NGC6027_DH01

NGC 6027 Seyfert’s Sextet, imaged by Deborah Holton using the Faulks 2m Telescope

The California Nebula – NGC1499

The California Nebula (NGC 1499) is an emission nebula located in the constellation Perseus. It is so named because it appears to resemble the outline of the US State of California. It is almost 2.5° long on the sky and, because of its very low surface brightness, it is extremely difficult to observe visually. It can be observed with a H-Beta filter (isolates the H-Beta line at 486 nm) in a rich-field telescope under dark skies. It lies at a distance of about 1,000 light years from Earth.
The California Nebula was discovered by E. E. Barnard in 1884.

California Nebula by Julian Tworek

California Nebula by Julian Tworek.
DSLR, Light Pollution Filter, Short focus Refractor

The Leo Triplet – M65, M66 and NGC3628

NGC 3628 is an unbarred spiral galaxy about 35 million light-years away in the constellation Leo. It was discovered by William Herschel in 1784. It has an approximately 300,000 light-years long tidal tail. NGC 3628 along with M65 and M66 form the famous Leo Triplet, a small group of galaxies. Its most conspicuous feature is the broad and obscuring band of dust located along the outer edge of its spiral arms, effectively transecting the galaxy to our view.

m65_m66_ngc3628mc01

Imaged by Martin Crow.

80mm Equinox ED Refractor @ f6 with Canon 400D, 8 x 60s

The Horsehead Nebula, Barnard 33

The Horsehead Nebula (also known as Barnard 33 in bright nebula IC 434) is a dark nebula in the constellation of Orion.

The nebula is located just below Alnitak, the star furthest left on Orion’s Belt, and is part of the much larger Orion Molecular Cloud Complex. It is approximately 1500 light years from Earth. It is one of the most identifiable nebulae because of the shape of its swirling cloud of dark dust and gases, which is similar to that of a horse’s head. The shape was first noticed in 1888 by Williamina Fleming on photographic plate B2312 taken at the Harvard College Observatory.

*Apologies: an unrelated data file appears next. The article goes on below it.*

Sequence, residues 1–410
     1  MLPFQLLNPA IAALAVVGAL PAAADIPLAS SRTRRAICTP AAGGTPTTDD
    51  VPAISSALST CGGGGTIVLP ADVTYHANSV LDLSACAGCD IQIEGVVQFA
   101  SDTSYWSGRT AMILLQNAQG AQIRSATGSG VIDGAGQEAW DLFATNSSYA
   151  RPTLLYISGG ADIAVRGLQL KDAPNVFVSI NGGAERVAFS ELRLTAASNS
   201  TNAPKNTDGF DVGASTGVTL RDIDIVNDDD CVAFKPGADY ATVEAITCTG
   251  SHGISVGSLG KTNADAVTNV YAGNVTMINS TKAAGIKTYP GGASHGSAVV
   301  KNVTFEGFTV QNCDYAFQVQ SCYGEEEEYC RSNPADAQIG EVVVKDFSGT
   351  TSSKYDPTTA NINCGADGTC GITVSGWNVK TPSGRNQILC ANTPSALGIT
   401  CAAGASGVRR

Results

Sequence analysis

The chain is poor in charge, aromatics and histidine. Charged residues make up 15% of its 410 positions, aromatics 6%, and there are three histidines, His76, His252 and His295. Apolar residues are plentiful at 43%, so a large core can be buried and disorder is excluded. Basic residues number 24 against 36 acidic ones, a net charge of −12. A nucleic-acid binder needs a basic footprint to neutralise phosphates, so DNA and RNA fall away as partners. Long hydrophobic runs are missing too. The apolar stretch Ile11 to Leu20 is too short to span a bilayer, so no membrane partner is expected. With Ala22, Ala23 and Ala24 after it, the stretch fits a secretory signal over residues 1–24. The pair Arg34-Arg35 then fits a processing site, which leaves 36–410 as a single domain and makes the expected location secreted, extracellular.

The red glow originates from hydrogen gas (hydrogen alpha) predominantly behind the nebula, ionized by the nearby bright star Sigma Orionis. The darkness of the Horsehead is caused mostly by thick dust, although the lower part of the Horsehead’s neck casts a shadow to the left. Streams of gas leaving the nebula are funnelled by a strong magnetic field. Bright spots in the Horsehead Nebula’s base are young stars just in the process of forming.

Horse head julian Tworek 01

Image by Julian Tworek,
Widefield 4″ Semi-Apo refractor and Canon DSLR

HORSEHEAD_JT1

Imaged By Julian Tworek
80mm Orion ED Refractor, MX716 CCD

HORSEHEAD_kr1

Imaged By Keith Rickard
SBIG ST7-XME CCD camera, 8″ Meade LX200 Schmidt Cassegrain Classic at F3.3, 30 x 2min in red, green and luminance and 10 x 2min in blue

Horsehead by Simon Dawes 2019/01/29

Image by Simon Dawes
Skywatcher MN190, EQ6Pro, Canon 600D (Full Spectrum Mod) CLSCCD Filter
45 minutes Integration, Bexleyheath, England.

All images are copyright. Permission must be sought to from the image owner to the use of any of these images.